April 23, 2015


Shivers! The Pirate Who’s Afraid of EVERYTHING. By Annabeth Bondor-Stone and Connor White. Illustrated by Anthony Holden. Harper. $12.99.

Willy Maykit in Space. By Greg Trine. Illustrations by James Burks. Houghton Mifflin Harcourt. $13.99.

Amelia Bedelia 6: Amelia Bedelia Cleans Up. By Herman Parish. Pictures by Lynne Avril. Greenwillow/HarperCollins. $4.99.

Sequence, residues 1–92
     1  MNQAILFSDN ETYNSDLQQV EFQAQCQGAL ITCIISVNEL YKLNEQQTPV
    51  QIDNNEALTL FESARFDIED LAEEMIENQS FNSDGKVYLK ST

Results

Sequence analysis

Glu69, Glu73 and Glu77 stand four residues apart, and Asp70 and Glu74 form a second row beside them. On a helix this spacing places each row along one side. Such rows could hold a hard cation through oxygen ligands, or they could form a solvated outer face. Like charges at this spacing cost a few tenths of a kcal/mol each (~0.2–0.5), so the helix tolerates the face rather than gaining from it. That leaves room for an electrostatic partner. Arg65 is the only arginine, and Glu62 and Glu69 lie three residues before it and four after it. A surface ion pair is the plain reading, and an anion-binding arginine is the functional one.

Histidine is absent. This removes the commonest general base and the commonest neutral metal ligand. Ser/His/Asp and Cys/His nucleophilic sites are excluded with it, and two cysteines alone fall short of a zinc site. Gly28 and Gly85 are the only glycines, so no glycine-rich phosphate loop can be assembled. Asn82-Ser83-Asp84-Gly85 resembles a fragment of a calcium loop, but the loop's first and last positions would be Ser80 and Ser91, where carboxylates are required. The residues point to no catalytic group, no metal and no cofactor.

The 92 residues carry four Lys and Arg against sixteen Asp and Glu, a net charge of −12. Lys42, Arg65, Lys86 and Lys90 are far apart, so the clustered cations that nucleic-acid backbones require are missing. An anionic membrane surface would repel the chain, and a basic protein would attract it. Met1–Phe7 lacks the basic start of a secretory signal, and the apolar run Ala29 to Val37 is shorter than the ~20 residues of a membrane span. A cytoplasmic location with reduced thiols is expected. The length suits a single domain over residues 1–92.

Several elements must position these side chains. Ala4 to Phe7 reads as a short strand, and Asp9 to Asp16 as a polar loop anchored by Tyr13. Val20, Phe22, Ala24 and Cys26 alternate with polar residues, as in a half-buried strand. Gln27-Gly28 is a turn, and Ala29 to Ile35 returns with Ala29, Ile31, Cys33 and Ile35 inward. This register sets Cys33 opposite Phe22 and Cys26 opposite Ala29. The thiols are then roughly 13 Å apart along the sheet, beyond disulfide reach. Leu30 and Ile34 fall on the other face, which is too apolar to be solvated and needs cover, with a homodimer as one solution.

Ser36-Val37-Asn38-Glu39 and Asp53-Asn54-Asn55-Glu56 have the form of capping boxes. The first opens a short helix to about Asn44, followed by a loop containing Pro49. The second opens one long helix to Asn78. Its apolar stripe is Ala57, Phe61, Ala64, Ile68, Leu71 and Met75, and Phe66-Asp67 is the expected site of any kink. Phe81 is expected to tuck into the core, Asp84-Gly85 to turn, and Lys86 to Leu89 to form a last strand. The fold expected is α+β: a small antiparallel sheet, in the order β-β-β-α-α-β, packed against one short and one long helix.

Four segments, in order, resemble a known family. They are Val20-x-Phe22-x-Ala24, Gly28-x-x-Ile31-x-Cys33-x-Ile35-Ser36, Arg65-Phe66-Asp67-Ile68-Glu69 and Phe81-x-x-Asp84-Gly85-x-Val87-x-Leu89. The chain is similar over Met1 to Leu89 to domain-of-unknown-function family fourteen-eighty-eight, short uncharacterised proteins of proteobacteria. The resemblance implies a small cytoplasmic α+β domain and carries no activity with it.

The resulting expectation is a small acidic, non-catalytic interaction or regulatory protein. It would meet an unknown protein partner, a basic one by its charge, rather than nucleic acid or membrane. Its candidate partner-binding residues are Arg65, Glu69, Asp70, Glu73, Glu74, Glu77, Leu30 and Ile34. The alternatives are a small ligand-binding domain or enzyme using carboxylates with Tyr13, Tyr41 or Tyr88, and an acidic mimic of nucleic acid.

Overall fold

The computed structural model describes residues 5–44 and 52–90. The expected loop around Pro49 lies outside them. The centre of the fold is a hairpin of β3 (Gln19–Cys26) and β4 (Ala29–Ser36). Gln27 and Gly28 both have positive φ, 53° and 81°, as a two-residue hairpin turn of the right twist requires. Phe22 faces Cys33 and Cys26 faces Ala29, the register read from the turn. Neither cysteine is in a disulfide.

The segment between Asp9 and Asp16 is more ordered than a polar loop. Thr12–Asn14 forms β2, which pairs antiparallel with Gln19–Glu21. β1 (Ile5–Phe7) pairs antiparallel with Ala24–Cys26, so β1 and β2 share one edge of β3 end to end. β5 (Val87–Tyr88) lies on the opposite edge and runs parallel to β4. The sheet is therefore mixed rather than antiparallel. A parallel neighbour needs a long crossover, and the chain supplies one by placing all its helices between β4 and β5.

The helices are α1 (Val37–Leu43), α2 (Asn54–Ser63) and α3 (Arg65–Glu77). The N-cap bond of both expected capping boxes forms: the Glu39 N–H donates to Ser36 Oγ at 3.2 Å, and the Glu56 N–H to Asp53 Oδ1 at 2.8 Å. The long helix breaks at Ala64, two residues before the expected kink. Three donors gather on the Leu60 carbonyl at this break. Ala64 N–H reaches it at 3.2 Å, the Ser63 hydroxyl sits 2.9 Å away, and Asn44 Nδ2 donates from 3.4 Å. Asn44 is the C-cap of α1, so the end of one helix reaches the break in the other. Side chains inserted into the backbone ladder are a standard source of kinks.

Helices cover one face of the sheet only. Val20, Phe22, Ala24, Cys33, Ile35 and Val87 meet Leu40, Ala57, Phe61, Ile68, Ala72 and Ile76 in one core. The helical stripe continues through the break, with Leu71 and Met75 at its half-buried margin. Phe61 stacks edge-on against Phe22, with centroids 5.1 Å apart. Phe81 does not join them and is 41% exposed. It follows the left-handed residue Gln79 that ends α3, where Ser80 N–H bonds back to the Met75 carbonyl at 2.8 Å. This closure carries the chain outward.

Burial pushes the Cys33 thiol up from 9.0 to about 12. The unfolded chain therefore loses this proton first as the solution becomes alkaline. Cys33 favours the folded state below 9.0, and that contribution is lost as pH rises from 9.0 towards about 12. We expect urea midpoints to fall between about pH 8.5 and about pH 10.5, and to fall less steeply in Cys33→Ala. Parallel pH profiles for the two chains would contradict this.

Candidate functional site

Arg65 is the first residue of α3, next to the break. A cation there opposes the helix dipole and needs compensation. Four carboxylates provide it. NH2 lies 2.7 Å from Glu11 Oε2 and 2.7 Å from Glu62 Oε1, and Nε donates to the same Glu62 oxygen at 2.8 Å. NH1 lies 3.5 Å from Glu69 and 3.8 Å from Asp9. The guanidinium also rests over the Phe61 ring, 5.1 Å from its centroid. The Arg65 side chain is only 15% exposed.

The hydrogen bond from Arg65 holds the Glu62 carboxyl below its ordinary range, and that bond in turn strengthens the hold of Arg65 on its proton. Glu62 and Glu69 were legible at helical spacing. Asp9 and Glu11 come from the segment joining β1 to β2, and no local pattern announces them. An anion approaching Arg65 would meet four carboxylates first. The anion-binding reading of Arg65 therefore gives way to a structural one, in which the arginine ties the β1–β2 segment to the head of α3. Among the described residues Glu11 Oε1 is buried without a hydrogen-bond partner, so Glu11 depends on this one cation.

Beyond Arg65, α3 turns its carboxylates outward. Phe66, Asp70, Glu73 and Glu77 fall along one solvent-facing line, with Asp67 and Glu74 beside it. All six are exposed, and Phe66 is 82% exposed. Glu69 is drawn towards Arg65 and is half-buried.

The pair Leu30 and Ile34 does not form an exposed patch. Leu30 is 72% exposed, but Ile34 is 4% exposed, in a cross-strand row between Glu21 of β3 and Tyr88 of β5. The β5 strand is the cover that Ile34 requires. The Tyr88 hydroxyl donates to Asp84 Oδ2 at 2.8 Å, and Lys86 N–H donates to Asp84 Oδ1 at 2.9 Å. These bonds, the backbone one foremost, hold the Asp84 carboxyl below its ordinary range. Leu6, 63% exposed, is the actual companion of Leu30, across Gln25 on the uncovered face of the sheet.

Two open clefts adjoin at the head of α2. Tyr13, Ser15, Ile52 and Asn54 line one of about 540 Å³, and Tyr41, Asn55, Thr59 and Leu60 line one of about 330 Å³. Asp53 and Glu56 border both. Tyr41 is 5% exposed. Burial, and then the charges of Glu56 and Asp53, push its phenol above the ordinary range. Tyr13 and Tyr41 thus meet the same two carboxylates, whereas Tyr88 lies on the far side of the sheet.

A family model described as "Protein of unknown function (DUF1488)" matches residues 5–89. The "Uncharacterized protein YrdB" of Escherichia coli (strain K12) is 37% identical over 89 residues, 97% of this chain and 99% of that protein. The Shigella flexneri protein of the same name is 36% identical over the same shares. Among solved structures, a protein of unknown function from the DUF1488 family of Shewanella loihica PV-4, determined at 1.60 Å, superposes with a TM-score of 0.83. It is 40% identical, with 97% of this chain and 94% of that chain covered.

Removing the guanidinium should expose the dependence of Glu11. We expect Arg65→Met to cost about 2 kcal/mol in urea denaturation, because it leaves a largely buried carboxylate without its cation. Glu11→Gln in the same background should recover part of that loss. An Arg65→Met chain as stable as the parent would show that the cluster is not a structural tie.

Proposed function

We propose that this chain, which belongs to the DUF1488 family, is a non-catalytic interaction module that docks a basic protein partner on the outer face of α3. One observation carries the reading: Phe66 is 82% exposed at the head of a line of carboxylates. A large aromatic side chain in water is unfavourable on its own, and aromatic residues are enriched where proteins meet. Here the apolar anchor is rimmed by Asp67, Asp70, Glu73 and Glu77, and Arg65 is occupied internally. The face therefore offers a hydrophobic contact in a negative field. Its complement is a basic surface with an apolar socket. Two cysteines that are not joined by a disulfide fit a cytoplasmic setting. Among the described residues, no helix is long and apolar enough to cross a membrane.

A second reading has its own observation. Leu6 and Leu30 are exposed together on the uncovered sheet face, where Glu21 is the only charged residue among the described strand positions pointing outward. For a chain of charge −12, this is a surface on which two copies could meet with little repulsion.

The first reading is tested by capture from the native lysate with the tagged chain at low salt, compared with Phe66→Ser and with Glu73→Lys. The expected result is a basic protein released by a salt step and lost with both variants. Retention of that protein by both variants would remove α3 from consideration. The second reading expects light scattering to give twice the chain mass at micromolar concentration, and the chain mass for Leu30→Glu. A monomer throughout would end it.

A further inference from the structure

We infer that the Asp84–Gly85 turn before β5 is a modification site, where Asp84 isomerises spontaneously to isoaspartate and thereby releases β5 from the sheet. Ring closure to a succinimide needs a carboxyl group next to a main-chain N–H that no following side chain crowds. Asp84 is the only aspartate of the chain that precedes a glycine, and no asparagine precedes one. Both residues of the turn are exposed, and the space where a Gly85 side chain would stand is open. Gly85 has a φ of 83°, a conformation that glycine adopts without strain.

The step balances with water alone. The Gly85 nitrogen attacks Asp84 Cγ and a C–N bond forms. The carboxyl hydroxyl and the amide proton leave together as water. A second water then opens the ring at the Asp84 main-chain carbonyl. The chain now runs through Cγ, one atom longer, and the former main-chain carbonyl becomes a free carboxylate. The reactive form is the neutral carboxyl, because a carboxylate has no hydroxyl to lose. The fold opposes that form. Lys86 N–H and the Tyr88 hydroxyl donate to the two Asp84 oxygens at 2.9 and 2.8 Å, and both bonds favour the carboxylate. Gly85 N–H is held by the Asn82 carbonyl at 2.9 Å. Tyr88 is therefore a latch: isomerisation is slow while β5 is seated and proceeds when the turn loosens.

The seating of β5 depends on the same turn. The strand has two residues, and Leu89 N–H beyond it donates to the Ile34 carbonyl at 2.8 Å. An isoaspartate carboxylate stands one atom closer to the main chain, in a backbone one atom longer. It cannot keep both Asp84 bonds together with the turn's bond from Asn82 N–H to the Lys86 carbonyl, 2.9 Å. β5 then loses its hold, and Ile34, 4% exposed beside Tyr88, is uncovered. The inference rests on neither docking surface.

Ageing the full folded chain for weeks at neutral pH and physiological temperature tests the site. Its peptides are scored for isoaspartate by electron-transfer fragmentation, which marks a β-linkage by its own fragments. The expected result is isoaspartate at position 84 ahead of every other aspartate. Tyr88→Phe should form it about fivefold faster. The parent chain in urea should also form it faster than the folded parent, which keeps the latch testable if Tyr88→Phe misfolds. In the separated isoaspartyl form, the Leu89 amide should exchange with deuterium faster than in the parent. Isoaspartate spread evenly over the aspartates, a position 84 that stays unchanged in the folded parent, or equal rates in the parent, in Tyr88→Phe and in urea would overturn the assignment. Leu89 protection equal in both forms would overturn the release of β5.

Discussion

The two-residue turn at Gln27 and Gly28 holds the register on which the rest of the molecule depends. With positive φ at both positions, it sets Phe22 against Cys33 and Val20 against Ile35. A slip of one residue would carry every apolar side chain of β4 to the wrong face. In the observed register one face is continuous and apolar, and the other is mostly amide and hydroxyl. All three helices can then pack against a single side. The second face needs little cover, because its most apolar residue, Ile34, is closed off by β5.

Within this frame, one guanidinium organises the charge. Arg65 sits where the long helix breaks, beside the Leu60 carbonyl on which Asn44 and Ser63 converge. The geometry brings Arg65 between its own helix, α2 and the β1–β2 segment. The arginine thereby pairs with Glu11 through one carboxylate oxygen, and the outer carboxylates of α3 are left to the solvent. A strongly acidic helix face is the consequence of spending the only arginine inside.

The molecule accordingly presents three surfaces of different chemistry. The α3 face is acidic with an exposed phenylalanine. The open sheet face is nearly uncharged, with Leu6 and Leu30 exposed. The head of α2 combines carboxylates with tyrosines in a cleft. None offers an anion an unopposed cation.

Sometimes the fun of a book is less in the plot than in the strange, amusing, silly and/or offbeat characters. It is the peculiarity of Shivers the boy pirate (age 11) and his faithful companion Margo (age 10) that makes Shivers! The Pirate Who’s Afraid of EVERYTHING so enjoyable – not the thin and largely predictable story, which it is easy to believe is based on an idea from a nine-year-old boy (the authors actually say that, crediting a boy name Harrison Blanz for the book’s concept). Shivers is a landlubber of a pirate, living in a permanently beached pirate ship while his brave pirate parents and bold pirate brother sail the seas having piratical adventures. But parents and brother alike have been captured, and only Shivers can save them. So he gets together with Margo, daughter of Police Chief Clomps’n’Stomps, and the two set off to rescue Shivers’ family – which they do. That’s the whole plot, but it matters little, since the real attraction here is finding out just how terrified Shivers is of absolutely everything: pumpkins, because of the size of their seeds; clouds, because they look like cute fluffy pillows but can generate killing electricity; pepperoni pizza, which Shivers calls “deadly spotted cheese bread”; and more. Lots more. But Shivers is not afraid of his best friend, Albee the fish (who in one scene of the story has a crucial part to play). More to the point, he realizes he is not afraid of Margo, even when she makes scary faces at him. So maybe he can rescue his family after all! Well, of course he can, although there is a small matter of his fear of snails that gets in the way – that is, until it becomes a solution rather than a problem. Annabeth Bondor-Stone and Connor White have a great time piling absurdity on absurdity here, and the illustrations by Anthony Holden are a hoot – such as the one of Shivers doing song-and-dance time, with a grand piano in the background and a huge grin on his face, while wearing bunny slippers (one of which also eventually has an important part to play). Throw in a giant squid, some sharks with surprisingly good taste, a pirate opponent called Captain Pokes-You-in-the-Eye, and a very French master criminal, and Shivers! The Pirate Who’s Afraid of EVERYTHING turns out to be too funny to be one of a kind – readers who enjoy Shivers and Margo will surely want to see more of them.